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The recent debate over government surveillance and individual privacy often seems kind of abstract, involving National Security Agency supercomputers and secret software that are gathering and analyzing vast quantities of data about all of us.

The NSA and others have tried to calm concerns about the databasing, though, by assuring us that what’s being collected doesn’t identify any of us personally—unless government agents get judicial approval to go deeper into the information as part of a terrorism investigation or some other national security inquiry.

Yes, many of us have heard all about how our daily activities create some sort of virtual trail for interested parties to follow. That includes our use of credit, our use of web browsers and web mail services, our penchant for posting on social media, our adoption of highway toll transponders and transit smart cards, and our love affair with GPS-enabled smartphones. But even with the awareness that we’re leaving such a rich trail of evidence behind us, the convenience is worth it and our personal vulnerability to snooping is pretty low. Right?

The truth is that all our habits and investigators’ increasingly sophisticated use of technology is opening more and more of our lives to outsiders. To give us some idea about the exposure, NPR reporter Daniel Zwerdling and Center for Investigative Reporting journalist G.W. Schultz are launching a four-part series today on our digital trail and how it can be used against us.

Up above: That’s a teaser — an eye-opening four-minute video that demonstrates the many ways we can be tracked in the midst of what we think of as ordinary daily activities.

Here’s Schultz’s story on the CIR site: Easily obtained subpoenas turn your personal information against you

Here’s NPR’s link: Your Digital Trail, and How It Can Be Used Against You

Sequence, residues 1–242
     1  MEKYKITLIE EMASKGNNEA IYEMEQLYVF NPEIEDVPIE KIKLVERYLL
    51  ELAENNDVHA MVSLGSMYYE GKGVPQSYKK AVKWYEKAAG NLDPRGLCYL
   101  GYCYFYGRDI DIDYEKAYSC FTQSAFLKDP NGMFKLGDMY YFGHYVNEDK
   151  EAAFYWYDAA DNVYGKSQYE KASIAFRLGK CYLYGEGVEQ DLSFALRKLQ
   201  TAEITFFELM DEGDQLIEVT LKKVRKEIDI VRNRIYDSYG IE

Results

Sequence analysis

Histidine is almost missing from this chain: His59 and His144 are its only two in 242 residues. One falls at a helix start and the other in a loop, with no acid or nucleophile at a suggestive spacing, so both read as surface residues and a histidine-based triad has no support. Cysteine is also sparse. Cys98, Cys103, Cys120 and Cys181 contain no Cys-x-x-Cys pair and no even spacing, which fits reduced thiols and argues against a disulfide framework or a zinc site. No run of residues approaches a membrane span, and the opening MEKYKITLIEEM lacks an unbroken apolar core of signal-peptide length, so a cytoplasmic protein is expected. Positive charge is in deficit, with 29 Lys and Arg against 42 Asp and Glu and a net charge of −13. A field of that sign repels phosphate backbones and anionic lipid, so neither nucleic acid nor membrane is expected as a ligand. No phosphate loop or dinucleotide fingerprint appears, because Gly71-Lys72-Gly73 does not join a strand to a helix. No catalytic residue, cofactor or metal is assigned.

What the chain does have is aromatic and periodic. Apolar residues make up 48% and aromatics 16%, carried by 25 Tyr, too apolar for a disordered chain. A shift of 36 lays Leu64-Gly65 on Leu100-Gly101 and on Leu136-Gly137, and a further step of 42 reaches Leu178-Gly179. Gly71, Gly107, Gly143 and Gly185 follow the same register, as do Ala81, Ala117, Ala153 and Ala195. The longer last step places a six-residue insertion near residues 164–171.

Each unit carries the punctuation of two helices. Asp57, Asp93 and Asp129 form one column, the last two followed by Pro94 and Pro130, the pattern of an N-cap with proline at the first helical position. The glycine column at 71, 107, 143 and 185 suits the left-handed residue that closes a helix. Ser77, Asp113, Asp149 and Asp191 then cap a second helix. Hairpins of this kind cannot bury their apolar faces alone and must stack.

• David

    Nicely done ! You missed a big one, however–PG & E’s “Smart Meter” program.
    PG & E has installed these surveillance devices on most of the homes, businesses, and apartment complexes in California, and they never asked our permission. We decide when to go on Facebook, when to Twitter, and even when to shop. But our public utility companies in California can track us at home now. There is an “opt out” program, but they charge money to do so. $75.00 plus $10.00 per month. Many people can’t afford this. Lots of data can be mined from a smart meter, including when you are home, and which appliances you like to use the most, and when.

    This is an invasion of our 4th Amendment rights, in my opinion. Part of this implies (at least) that we have the right to be left alone.

    Is this even possible today ?

Author

Dan Brekke

Dan Brekke (Twitter: @danbrekke) has worked in media ever since Nixon's first term, when newspapers were still using hot type. He had moved on to online news by the time Bill Clinton met Monica Lewinsky. He's been at KQED since 2007, is an enthusiastic practitioner of radio and online journalism and will talk to you about absolutely anything. Reach Dan Brekke at dbrekke@kqed.org.

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